Jonathan DC Turner



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This is a copy of an article written in November 2000. It is not guaranteed to be up-to-date when downloaded. Copyright is reserved by the author and moral rights have been asserted. The article may be copied and distributed provided this done free of charge and in relation in the whole article, including details of authorship and this notice, without any amendments.

Many creative geniuses have drawn on the work of others. From Homer’s Iliad to Picasso’s Dejeuner sur l’Herbe, great works have been based on earlier efforts. Shakespeare’s Romeo and Juliet transformed a version of the tale by Da Porto, and was itself reworked in the musical West Side Story. But when is it lawful to draw inspiration from the work of others?

A rare decision of the House of Lords in a copyright case at the end of last year shed some light in this difficult area.[1] In this case a company called Washington DC copied a fabric design of Designers Guild, but every feature was altered in some way.

The Court of Appeal considered that the designs were not sufficiently similar for there to be infringement. They cited the well-known maxim that copyright does not exist in ideas, only in their expression. They held that the expression of ideas in the Designers Guild’s design had not been reproduced.

The House of Lords disagreed. Lord Hoffmann said that the distinction between ideas and expression must be handled with care. Every element of a work is the expression of an idea, and copyright can be infringed by copying a combination of those ideas even though they are expressed in a different way, as where the plot of a novel is used in a film.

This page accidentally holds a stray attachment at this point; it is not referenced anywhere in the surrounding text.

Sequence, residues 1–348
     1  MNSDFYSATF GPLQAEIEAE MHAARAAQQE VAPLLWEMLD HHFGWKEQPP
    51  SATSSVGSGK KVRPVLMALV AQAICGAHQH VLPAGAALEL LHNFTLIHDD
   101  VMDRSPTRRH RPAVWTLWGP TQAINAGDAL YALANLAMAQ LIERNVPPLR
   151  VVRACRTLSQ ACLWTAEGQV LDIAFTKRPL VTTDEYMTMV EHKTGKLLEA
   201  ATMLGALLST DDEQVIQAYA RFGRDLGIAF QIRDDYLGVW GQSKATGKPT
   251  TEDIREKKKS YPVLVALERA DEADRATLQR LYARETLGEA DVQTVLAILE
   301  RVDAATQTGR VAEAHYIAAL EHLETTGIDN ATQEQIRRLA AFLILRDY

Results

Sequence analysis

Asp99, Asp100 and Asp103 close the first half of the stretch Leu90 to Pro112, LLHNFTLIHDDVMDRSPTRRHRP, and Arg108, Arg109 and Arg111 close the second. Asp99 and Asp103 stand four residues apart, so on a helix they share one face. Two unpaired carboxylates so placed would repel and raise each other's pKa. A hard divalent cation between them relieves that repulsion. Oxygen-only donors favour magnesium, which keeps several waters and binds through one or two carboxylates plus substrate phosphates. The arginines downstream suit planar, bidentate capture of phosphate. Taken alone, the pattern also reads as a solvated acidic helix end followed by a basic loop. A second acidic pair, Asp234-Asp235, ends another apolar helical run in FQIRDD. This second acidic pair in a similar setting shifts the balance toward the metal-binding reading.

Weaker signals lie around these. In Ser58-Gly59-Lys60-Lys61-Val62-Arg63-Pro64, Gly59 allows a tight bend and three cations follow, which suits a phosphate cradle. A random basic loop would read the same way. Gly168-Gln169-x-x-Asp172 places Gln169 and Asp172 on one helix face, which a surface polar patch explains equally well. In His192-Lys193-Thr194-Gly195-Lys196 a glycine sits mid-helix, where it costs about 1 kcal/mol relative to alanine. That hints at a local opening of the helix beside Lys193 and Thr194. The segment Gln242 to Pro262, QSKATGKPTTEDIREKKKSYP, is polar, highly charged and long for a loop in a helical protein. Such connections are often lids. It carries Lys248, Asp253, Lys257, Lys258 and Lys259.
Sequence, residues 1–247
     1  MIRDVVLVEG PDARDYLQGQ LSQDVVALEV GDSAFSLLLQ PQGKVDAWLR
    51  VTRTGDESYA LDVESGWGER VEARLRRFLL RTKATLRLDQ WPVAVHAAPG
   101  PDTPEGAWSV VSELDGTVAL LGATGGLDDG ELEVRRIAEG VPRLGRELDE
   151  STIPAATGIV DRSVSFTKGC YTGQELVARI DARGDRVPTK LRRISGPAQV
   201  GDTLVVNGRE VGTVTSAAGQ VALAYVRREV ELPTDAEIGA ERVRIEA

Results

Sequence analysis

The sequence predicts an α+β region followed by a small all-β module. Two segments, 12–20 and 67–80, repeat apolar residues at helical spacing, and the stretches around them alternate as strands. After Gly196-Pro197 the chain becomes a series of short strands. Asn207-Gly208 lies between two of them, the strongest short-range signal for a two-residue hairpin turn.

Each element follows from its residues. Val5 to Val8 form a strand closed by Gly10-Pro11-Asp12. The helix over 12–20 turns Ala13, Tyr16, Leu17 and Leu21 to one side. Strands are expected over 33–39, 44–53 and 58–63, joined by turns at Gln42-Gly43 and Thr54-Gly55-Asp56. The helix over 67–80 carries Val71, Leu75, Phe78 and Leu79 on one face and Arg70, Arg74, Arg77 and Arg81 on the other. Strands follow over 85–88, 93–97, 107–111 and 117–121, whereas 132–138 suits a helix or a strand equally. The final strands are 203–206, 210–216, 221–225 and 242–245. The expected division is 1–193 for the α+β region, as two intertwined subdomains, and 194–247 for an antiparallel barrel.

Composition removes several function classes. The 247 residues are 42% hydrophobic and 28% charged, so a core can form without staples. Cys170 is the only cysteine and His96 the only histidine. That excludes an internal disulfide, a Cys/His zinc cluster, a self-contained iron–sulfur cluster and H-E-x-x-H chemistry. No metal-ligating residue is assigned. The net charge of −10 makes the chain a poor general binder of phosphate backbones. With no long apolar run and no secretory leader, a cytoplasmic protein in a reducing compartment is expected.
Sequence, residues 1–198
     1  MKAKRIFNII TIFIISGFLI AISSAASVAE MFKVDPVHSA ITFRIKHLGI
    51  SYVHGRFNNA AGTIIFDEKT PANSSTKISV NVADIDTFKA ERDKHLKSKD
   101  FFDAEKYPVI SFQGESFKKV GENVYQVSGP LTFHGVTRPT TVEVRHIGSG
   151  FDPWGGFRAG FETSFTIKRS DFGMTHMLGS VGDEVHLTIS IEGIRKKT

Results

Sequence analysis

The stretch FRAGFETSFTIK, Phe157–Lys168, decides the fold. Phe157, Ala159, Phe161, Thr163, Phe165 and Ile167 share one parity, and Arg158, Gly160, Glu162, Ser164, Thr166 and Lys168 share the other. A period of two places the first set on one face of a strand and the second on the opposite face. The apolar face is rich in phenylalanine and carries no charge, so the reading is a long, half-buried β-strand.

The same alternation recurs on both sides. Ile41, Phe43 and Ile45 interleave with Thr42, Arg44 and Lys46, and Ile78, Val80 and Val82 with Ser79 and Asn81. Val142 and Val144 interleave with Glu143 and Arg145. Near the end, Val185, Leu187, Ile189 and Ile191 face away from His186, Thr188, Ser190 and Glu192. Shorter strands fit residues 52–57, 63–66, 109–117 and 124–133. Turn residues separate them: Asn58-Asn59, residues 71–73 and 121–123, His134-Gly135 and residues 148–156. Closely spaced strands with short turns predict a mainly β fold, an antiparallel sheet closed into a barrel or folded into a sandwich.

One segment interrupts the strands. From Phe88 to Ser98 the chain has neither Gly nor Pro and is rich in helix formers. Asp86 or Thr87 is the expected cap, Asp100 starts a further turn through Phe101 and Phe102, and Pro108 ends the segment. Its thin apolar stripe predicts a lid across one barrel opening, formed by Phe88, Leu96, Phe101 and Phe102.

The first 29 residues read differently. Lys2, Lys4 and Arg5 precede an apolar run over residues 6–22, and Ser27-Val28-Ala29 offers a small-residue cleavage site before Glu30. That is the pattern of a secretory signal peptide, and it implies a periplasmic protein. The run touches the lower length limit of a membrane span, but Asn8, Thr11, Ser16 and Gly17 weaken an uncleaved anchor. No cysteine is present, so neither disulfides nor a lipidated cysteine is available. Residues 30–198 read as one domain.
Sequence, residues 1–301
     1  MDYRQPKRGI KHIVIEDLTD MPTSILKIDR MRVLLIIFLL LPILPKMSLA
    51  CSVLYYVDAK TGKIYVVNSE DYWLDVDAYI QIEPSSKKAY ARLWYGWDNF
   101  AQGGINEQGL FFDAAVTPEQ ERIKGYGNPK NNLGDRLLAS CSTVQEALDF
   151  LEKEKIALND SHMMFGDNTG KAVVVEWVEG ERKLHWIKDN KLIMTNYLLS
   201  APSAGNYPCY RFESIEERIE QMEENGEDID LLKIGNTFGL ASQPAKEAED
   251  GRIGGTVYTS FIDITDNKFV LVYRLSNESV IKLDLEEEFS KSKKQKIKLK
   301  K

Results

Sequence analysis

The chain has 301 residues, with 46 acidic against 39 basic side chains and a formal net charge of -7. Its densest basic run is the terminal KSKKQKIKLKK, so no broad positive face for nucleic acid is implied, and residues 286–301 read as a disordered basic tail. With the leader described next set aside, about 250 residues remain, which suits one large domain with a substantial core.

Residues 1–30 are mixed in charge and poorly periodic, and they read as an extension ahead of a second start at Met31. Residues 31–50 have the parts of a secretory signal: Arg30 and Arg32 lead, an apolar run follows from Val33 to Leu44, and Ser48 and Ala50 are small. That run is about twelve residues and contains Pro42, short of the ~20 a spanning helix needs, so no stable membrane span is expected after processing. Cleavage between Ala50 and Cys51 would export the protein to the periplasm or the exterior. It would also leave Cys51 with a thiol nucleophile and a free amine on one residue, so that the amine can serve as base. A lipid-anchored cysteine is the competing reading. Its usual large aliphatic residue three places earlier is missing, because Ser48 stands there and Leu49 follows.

According to Lord Hoffmann, ideas are not protected by copyright in two types of case: if the ideas are not artistic, literary, dramatic or musical – for example an invention can only be protected by taking out a patent – or if they are not original. It is easier to recognise originality in detail than in a basic concept – or, as Lord Hoffmann put it, recalling Isaiah Berlin’s famous essay, “copyright law protects foxes better than hedgehogs”.

An example of an idea which was too basic to be copyright was the technique of “jump cutting” a film of a dance used in a Guinness advertisement. Although this striking technique was derived from a film by Mehdi Norowzian, his case was dismissed by the Court of Appeal. They pointed out that copyright would not have been infringed by copying the technique of pointillism from Seurat’s La Baignade, Asnieres.[2]

Copyright is, however, infringed if a substantial part of a copyright work is copied. Quality is more important than quantity and in some cases copying a fairly small amount has been held to infringe. Rudyard Kipling successfully sued for the use of one verse of his poem If in an advertisement for Sanatogen pills[3]. A newsreel of a school band playing 28 bars of Colonel Bogey was also held to infringe.[4]

It is a basic principle of intellectual property law that a work which is original in its own right can still infringe rights in an earlier work. As was said in a patent case “The superadding of ingenuity to a robbery does not make the operation justifiable”.[5]

So it is no answer to a copyright claim for an artist to say that he has created a masterpiece. A separate copyright exists in the new work, but it infringes copyright in the earlier work if it reproduces a substantial part of it without permission. If modern copyright laws had been in force in Shakespeare’s time, he would have had to negotiate for the rights in some of the materials which he used. But he would also have benefited. The leading American textbook, Nimmer on Copyright, considers that West Side Story would infringe the copyright in Romeo and Juliet if it were still in force and not licensed.